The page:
Fuster Rabella points directly to low proportion of young people enrolled in VET (12% compared with 26% for OECD), despite fact that this mode of teaching has greater employability. Spain has one of rates of enrolment in FP lowest of countries analyzed. The FP dual, which combines studies and work from first day, does not reach 1% in our country, compared to 17% on average.
The analyst cites " possible existence of social stigmatization of FP", as well as high rates of early school leaving or "factors related to m, such as compulsory age of schooling or degree of repetition of course, comparatively high in our country."
Not mentioned, although one can infer, boom of skilled labour of last decade, which led to hundreds of thousands of teenagers leave ir studies to lay bricks or serve drinks. The crisis came, gone are chollos and many of se guys went back to institute. Or, already forewarned, y decided that, given that y were not going to find a job, it was best to continue studying. But figures from OECD are very valuable because y indicate that se young people have not worked a lot in class. Enrolled were. But y did not want to take title.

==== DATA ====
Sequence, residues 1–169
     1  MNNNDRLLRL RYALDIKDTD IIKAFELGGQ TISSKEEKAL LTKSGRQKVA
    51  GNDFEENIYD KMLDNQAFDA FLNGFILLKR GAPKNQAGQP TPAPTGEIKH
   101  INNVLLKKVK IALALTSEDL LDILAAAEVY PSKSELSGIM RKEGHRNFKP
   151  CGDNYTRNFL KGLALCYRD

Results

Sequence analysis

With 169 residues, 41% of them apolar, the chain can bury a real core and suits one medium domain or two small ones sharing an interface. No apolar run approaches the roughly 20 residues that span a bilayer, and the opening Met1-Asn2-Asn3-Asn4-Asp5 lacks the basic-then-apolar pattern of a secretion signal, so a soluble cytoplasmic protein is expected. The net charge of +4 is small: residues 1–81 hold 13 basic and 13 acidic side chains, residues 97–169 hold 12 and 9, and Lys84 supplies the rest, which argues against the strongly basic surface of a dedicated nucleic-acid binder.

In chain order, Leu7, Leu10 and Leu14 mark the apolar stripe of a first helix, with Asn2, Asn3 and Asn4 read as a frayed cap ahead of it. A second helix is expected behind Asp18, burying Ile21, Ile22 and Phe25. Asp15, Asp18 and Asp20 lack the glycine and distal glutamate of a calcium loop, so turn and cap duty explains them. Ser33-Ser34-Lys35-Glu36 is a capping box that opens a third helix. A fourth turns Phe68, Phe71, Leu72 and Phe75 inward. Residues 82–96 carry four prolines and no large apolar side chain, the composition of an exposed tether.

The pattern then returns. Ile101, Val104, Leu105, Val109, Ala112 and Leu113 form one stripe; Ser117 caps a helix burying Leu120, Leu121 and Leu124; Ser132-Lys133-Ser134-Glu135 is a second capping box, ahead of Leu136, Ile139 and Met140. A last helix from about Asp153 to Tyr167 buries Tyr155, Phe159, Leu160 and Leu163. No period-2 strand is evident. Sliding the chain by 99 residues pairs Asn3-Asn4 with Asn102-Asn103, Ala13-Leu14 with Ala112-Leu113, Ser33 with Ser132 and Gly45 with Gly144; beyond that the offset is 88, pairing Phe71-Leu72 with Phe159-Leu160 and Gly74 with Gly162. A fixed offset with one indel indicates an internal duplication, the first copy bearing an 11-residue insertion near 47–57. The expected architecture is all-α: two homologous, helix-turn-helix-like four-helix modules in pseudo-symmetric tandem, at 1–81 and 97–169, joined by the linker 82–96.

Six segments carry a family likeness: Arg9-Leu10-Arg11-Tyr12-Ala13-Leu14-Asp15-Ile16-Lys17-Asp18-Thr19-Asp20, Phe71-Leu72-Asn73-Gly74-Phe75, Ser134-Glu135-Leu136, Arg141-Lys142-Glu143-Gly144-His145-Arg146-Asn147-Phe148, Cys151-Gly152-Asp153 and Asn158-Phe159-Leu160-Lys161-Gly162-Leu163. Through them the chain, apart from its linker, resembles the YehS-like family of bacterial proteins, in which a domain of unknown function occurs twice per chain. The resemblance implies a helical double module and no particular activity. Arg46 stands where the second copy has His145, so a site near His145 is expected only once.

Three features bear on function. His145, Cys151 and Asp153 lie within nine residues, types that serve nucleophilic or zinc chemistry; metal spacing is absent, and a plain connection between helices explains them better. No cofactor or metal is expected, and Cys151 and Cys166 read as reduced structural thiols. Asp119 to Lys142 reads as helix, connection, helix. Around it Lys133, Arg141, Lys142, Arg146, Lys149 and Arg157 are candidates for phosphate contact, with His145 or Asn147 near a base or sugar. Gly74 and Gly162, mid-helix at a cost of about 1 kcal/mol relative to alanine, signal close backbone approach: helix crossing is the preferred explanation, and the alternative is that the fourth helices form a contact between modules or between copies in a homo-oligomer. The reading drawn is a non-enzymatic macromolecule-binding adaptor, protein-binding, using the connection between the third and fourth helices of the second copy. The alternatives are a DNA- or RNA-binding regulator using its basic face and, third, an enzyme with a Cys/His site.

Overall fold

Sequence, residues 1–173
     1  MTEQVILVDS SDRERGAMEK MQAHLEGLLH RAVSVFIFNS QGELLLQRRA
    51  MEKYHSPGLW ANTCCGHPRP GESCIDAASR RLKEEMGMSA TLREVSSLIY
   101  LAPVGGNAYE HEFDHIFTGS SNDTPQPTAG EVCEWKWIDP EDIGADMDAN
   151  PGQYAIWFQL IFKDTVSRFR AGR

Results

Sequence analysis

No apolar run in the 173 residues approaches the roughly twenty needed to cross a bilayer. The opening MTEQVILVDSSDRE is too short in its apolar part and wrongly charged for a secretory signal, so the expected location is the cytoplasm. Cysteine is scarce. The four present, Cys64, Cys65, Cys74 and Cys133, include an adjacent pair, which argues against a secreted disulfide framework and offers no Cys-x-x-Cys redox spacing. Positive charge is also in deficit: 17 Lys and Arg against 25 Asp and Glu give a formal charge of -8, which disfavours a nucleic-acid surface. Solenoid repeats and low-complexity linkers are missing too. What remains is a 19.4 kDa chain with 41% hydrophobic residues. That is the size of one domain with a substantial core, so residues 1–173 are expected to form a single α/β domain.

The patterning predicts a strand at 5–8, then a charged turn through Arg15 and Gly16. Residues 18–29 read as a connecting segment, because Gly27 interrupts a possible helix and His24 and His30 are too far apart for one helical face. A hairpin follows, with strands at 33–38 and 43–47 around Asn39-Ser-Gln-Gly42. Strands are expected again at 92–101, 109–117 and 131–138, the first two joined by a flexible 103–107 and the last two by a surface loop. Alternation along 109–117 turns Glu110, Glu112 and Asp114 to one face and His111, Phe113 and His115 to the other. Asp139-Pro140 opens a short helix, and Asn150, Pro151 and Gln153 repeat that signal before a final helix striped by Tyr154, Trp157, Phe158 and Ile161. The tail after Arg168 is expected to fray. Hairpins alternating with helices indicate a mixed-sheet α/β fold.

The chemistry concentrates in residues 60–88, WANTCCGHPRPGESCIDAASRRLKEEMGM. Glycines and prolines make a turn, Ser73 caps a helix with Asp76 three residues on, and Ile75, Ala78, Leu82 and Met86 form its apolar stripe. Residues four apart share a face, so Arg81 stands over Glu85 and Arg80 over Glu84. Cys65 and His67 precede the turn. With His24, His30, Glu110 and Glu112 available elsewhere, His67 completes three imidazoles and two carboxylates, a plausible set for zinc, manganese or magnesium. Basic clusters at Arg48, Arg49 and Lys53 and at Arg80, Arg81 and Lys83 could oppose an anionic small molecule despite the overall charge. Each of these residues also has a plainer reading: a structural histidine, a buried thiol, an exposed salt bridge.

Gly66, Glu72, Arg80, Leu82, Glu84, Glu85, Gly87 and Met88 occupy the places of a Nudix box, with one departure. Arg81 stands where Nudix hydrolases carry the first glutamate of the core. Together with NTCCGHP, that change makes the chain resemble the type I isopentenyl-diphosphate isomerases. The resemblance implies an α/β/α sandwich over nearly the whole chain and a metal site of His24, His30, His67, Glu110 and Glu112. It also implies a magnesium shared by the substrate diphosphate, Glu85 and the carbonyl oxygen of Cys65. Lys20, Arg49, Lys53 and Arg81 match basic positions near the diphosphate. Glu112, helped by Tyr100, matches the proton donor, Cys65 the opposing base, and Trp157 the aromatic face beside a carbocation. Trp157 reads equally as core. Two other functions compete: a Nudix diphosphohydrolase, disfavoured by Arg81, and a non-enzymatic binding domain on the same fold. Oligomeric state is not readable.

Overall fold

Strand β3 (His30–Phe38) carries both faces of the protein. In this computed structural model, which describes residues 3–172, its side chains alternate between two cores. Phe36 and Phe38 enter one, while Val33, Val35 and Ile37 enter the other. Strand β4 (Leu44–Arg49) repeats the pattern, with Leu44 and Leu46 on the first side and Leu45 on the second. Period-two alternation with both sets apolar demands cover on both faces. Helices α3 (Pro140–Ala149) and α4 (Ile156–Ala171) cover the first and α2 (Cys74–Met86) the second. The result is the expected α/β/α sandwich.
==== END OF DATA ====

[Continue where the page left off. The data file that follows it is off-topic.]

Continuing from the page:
And here is where thing connects with famous ninis, who both blur statistics that speak of economic recovery in Spain. It is true that we are no longer country with highest percentage of young people who neir study nor work, as was case a couple of years ago, but rate for 2016 was of 23%, if we take into account young people between 18 and 24 years old, and 21,7%, if we extend group to those between 15 and 29 years old. Are still very high figures, higher than those of a decade ago. We find ourselves at height of Mexico (21.8%) and exceeded only by Greece (23,5%), Italy (26%) and Turkey (28,2%).The engineering disciplines become fashionable